Following years of airline industry debate about how pilot training should be delivered in the digital age, Europe’s aircrew training philosophy is about to be changed almost beyond recognition in the next four years. Starting this year, the planned changes should be – and in many cases already are – in the pipeline at airline training departments and approved training organisations (ATO). The European Aviation Safety Agency has ruled that the new training theory and practise will become mandatory by 31 January 2022 “at the latest”.
So European airlines and ATO are now in a transition phase, allowing for the old systems to be phased out, the new phased in, and for instructors and examiners to be prepared for their new tasks. By mid-2019, the new, updated European Central Question Bank theory examination questions will be released and maintained.
There are two parallel strands to the training changes. The first strand is on the practical training delivery side, involving the move away from syllabus-based and hours-based instruction in ab initio flying training toward competency-based training and assessment, and toward evidence-based training at the type-rating and recurrent level.
Some major airlines have been gradually moving to evidence-based recurrent training over the last five years, and the rate of adoption is accelerating. As EASA describes it, the evidence-based project “is a global safety initiative whose objective is to determine the relevance of existing pilot training according to aircraft generation”; the project is “designed to identify areas for improvement and allows the re-prioritisation of training topics”. It is a change in recurrent training philosophy rather than a new set of rules, and follows on from the advanced training and qualification programme adopted by many European operators in the last decade.
The second strand is a huge change in the teaching, learning and examining philosophy for the theoretical knowledge pilots are required to have – especially at the ab initio level. It is described by EASA as “a move away from silo learning and testing”, and also a move away from hours-based teaching on the ground and in the air.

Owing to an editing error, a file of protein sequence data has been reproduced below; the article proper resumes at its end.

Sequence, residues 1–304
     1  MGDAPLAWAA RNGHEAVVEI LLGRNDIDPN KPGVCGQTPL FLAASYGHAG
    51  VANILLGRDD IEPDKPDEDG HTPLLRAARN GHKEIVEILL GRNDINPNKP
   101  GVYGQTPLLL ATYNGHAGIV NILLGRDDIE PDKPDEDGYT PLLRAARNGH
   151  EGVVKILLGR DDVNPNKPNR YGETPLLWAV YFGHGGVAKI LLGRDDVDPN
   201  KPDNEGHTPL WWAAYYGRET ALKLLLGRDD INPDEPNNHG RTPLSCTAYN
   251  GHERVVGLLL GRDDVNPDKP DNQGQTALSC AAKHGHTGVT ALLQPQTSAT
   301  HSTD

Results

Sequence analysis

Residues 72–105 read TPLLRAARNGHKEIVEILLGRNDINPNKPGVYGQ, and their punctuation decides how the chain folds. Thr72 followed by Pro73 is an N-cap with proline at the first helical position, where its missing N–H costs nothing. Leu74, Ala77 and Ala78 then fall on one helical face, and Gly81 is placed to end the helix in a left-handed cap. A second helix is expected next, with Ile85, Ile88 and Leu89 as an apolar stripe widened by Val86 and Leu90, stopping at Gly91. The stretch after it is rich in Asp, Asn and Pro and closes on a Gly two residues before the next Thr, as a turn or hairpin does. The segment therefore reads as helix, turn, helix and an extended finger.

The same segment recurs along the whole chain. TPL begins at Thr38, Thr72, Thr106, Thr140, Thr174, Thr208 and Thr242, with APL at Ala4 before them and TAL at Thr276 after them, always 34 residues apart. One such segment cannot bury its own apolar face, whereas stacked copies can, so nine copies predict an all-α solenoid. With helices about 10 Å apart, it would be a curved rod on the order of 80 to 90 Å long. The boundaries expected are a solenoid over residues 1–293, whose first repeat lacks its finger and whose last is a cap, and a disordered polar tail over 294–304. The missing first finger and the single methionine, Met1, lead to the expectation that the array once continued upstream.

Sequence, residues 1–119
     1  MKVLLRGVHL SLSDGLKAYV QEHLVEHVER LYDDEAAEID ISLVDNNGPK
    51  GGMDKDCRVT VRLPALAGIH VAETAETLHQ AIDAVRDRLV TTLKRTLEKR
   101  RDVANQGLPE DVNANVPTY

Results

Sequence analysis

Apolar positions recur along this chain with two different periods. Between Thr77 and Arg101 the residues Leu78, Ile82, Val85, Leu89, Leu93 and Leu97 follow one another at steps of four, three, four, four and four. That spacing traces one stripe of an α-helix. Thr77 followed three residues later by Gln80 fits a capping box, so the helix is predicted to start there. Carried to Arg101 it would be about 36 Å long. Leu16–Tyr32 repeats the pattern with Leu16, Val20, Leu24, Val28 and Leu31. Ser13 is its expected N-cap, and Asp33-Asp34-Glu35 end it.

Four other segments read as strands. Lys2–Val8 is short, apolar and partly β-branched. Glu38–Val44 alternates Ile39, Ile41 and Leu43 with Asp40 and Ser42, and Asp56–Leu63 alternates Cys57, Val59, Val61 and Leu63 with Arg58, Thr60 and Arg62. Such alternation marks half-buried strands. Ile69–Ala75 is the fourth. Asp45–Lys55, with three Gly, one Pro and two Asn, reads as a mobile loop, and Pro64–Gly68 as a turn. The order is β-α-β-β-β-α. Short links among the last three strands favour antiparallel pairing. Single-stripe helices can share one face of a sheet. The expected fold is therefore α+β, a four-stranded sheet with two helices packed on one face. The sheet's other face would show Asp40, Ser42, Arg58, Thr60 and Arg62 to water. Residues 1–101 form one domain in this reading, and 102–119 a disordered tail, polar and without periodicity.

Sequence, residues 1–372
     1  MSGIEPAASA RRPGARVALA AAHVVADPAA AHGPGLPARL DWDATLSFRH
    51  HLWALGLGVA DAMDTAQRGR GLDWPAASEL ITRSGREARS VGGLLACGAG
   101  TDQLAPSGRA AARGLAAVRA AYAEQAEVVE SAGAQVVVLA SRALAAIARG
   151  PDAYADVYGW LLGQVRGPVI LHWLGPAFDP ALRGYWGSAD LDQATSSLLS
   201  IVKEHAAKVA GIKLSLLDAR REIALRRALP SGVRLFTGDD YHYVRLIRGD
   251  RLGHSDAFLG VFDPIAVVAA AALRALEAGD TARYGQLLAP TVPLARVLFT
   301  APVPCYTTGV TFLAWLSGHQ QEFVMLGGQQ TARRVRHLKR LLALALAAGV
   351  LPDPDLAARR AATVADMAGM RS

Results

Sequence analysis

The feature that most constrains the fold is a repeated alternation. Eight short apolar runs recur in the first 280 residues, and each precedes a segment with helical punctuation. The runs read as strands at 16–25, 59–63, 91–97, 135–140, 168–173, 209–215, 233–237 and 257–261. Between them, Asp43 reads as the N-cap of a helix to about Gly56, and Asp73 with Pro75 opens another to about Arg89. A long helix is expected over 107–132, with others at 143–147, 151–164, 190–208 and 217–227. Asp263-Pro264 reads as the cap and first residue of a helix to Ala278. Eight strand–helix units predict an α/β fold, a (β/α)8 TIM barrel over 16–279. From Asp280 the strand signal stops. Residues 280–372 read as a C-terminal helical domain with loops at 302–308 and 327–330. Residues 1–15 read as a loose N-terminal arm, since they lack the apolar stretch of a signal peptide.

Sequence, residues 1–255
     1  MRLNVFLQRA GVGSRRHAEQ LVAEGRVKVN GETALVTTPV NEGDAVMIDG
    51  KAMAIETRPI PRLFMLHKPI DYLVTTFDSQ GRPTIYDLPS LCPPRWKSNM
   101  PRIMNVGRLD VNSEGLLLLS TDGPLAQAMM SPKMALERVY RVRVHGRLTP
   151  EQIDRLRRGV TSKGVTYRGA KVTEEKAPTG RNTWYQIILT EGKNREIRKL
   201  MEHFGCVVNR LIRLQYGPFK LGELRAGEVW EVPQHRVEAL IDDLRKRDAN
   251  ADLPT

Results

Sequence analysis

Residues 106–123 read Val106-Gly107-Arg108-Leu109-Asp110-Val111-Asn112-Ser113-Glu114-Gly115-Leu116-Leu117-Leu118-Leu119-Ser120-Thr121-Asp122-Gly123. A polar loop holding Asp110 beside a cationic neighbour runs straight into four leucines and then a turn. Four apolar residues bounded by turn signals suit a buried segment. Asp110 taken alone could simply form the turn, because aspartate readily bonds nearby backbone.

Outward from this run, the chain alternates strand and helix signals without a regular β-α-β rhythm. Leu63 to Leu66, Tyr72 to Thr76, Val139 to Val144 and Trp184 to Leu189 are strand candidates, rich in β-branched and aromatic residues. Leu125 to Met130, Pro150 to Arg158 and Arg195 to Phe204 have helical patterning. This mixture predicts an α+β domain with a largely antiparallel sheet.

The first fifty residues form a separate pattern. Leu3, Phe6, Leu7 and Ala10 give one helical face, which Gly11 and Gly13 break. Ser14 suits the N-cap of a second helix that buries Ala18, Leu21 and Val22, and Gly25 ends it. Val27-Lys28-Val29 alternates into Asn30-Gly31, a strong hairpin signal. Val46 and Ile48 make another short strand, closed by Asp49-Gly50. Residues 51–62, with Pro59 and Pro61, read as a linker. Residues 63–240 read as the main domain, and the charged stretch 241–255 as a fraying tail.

Student pilots will still need to learn air law, navigation, meteorology and all the traditional theory subjects, but under a new EASA scheme called Area 100 KSA (Knowledge, Skills and Attitude), they will need to demonstrate a greater depth of understanding and ability to act on the learned knowledge and skills, which the traditional system does not test.
EASA explains the theory changes like this: “The new Area 100 KSA is not a traditional subject, but rather allows the ATO to consolidate students’ understanding of the different theoretical knowledge subjects applied to practical scenarios.” It is not a subject, EASA insists, but a change in training philosophy. KSA is an add-on to an existing pilot training course like the commercial pilot licence and instrument rating (CPL/IR) course, and as such adds an estimated 20h to the training task, which will cause heads of finance and students some grief.
Evidence of the need for additional knowledge and skills training came, above all, from the experience of the airline recruitment and training departments at EasyJet and Ryanair. They were – independently – discovering that about 50% of fully licensed pilots applying to work for them, many with previous airline experience, would fail their simulator assessments, despite having been provided with the details well in advance, and having plenty of time to prepare for them.
Ryanair’s head of training is Capt Andy O’Shea, who also chairs the European Aircrew Training Policy Group (ATPG) that has been essential to EASA’s development of its new training philosophy. O’Shea worked out that the missing component in pilot performance among those who failed was, above all, a lack of in-depth understanding of facts and theory, including their significance and how to apply them in real life scenarios.
In its notice of proposed amendment on the subject, EASA said: “Current teaching and learning tools are not sufficiently developed to encourage future pilots to use analytic and synthetic thinking or to challenge student pilots to enhance their decision-making skills, their problem-solving ability, and their level of understanding of assimilated knowledge. This may result in a lack of assimilation of various pieces of information that student pilots receive during the theoretical knowledge course, and encourages rote learning [learning by heart].”
O’Shea knew something had to be done, and working with industry, EASA and the Royal Aeronautical Society through the ATPG, the group devised a solution. Ryanair applied such a solution voluntarily some time ago, and has now launched a mentored cadet training programme with the Cork-based ATO Atlantic Flight Training Academy, which will incorporate the KSA philosophy and new EASA standards.
It has long been accepted that CPL/IR licence holders, who are trained to competency in solo piloting skills on light piston twins, need additional modules in a multi-crew co-operation and jet orientation course (MCC/JOC) to prepare them for airline flight decks. Airline recruiting experience, however, has demonstrated that this was still not enough.